Tribal people from the northern Philippines play music at the 'Walk for Like' in Manila on Feb. 18. (Photo by Angie de Silva)
Thousands of Catholics gathered in the Philippine capital Manila in a "show of force" against "anti-life" issues, including drug-related killings, the proposed revival of capital punishment, and abortion.
An estimated 20,000 people gathered on Feb. 18 and carried placards as they walked around Rizal Park to pray the rosary and sang religious songs in a prayer rally dubbed the "Walk for Life."
Organizers said the huge crowd was "unexpected" because of the short time for preparation and of the early morning schedule.
"This only shows that they want to express themselves," said Auxiliary Bishop Broderick Pabillo of Manila, chairman of the Episcopal Commission on the Laity of the Philippine bishops' conference.
"[The people] really want to convey to the government that the people are standing up for life and that they are against the death penalty and extrajudicial killings. I hope they listen to the people," said Bishop Pabillo.
Archbishop Socrates Villegas of Lingayen-Dagupan, president of the bishops' conference, clarified that the activity was "not a protest but rather standing up for the holiness of life of every human being."
"This 'Walk for Life' is a walk for God," said the prelate in a speech before the start of the event. He said the activity "does not aim to defend drug addicts nor the killers."
"Criminals have to be arrested, face charges, be convicted, and imprisoned in order to correct his or her wrongdoing. His crime must be proven in a court of law, not through the rule of the bullet," Archbishop Villegas said.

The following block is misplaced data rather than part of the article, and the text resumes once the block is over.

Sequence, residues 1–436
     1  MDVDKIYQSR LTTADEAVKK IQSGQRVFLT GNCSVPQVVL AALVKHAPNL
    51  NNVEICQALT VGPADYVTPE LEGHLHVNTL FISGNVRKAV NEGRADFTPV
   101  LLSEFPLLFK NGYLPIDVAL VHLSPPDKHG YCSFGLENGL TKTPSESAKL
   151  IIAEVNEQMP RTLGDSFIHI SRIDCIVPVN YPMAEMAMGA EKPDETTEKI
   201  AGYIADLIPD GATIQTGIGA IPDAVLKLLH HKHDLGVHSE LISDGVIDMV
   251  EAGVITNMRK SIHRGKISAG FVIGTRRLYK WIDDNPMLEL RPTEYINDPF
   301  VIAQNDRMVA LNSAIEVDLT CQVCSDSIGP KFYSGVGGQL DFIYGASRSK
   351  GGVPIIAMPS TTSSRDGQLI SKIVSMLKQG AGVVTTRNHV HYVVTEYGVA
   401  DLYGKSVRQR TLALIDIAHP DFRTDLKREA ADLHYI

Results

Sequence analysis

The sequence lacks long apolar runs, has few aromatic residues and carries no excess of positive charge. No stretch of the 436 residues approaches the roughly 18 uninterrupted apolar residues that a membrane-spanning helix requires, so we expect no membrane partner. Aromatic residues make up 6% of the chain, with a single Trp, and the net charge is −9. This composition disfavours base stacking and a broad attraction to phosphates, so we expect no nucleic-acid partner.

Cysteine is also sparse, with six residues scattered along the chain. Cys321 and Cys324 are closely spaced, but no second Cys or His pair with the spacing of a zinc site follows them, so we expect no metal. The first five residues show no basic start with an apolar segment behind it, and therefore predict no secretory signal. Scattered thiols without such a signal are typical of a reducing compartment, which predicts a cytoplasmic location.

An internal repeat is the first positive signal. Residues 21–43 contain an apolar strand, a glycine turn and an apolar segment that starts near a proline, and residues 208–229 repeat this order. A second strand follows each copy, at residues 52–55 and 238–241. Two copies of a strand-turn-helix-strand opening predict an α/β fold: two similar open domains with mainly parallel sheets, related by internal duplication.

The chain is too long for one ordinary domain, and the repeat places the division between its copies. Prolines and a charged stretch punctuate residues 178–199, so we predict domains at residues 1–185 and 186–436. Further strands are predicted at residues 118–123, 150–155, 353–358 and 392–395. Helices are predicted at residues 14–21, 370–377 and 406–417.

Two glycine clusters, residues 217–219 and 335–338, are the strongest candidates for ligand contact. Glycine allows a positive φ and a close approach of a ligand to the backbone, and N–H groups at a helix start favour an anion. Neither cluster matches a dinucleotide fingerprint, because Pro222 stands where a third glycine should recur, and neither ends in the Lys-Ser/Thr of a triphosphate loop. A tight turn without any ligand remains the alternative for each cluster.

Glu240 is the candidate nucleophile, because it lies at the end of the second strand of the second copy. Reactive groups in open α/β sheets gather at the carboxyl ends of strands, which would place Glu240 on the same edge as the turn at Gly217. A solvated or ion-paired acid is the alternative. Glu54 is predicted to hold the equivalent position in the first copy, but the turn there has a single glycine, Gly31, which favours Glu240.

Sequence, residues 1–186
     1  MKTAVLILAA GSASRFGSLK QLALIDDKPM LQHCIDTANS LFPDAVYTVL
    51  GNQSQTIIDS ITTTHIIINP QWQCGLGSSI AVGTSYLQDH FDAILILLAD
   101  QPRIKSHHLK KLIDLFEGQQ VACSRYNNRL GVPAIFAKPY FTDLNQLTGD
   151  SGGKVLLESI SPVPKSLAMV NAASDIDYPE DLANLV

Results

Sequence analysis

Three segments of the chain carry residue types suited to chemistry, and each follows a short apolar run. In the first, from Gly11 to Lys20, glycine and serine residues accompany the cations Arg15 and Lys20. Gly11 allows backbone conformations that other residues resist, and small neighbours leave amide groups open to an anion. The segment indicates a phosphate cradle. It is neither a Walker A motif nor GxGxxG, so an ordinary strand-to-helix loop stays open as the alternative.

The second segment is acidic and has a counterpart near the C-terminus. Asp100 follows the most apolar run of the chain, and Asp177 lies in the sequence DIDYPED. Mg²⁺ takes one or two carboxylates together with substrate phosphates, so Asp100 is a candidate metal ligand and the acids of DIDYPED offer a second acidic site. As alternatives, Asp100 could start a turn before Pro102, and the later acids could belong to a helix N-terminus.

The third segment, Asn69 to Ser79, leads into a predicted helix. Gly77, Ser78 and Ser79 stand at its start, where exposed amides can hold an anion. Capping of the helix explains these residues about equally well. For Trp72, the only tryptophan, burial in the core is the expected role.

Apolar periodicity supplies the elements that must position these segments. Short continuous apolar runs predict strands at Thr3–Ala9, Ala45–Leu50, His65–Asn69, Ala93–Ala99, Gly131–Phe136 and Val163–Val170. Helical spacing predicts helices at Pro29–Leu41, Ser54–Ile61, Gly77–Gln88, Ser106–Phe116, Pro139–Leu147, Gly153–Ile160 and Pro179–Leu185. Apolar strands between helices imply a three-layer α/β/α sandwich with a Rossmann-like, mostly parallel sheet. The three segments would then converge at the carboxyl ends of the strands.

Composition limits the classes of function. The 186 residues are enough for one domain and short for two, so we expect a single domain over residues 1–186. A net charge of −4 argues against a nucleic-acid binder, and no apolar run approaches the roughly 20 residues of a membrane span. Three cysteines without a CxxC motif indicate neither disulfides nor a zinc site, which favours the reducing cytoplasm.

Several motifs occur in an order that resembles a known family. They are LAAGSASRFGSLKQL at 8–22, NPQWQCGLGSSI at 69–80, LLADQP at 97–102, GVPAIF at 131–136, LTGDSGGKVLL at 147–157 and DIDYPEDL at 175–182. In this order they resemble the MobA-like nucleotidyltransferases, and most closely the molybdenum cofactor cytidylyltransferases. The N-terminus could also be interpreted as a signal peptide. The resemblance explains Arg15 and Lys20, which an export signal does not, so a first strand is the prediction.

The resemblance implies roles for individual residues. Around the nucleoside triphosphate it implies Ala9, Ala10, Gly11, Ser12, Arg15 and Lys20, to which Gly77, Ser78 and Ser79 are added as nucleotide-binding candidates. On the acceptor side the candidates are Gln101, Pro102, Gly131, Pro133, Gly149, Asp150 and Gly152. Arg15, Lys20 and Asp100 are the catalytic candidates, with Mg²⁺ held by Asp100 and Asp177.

At least 7,000 suspected drug users and dealers have died either in police operations or by vigilante-style killings that have been linked to the government's seven-month old campaign against narcotics.
"We are gathered here for those who cannot walk anymore because of our sins against them," Archbishop Villegas said. "They cannot walk because they were killed and we were too afraid of getting implicated," he added.
He said many Filipinos "cannot walk because they are afraid that they might be gunned down next."
Priests, nuns, and seminarians join the 'Walk for Life' prayer rally to call for an end to drug-related killings and the proposed revival of capital punishment, in Manila on Feb. 18. (Photo by Maria Tan)
Freedom of expression
Following the prayer rally, the presidential palace issued a statement saying President Rodrigo Duterte upholds the people's "freedom of expression."
"The president allows the freedom of expression and this is one of them. That's part of the democratic dynamic," said Ernesto Abella, the president's spokesman.
Duterte and Philippine church leaders have repeatedly clashed over the government's intensified campaign against illegal drugs and the proposal by several legislators to bring back capital punishment.
The president said the country's bishops have no moral ascendancy to speak about the "sanctity of life" because of alleged corruption and sex abuses committed by some of members of the clergy.
Archbishop Villegas, however, urged Catholics not to be afraid. "Fear and intimidation is already spreading. We are threatened with being killed. We are threatened and we become afraid," said the prelate.
Cardinal Luis Antonio Tagle of Manila, who joined the rally, called on Catholics to use non-violent means to address what he described as the "growing culture of violence" in the country.
He said the "Walk for Life" aimed to "save lives, such as pregnant women and the unborn child, those who are hungry," and young people who must be freed from vices like illegal drugs, abuse, prostitution, pornography and gambling.
"Do not stop walking for life, make walking for life a daily thing," he said, adding that "nothing will happen if we won't walk everyday for life."
Bishop Pablo David of Kalookan said the prayer rally was also meant to campaign against environmental abuse, an end to war in the southern Philippines, and for the resumption of peace talks between the government and the communist rebels.
"Yes to life means yes to peace initiatives, yes to environmental protection, yes to the campaign to rehabilitate drug addicts," he said.
The "Walk for Life" was organized by the Council of the Laity of the Philippines and endorsed by the bishops' conference.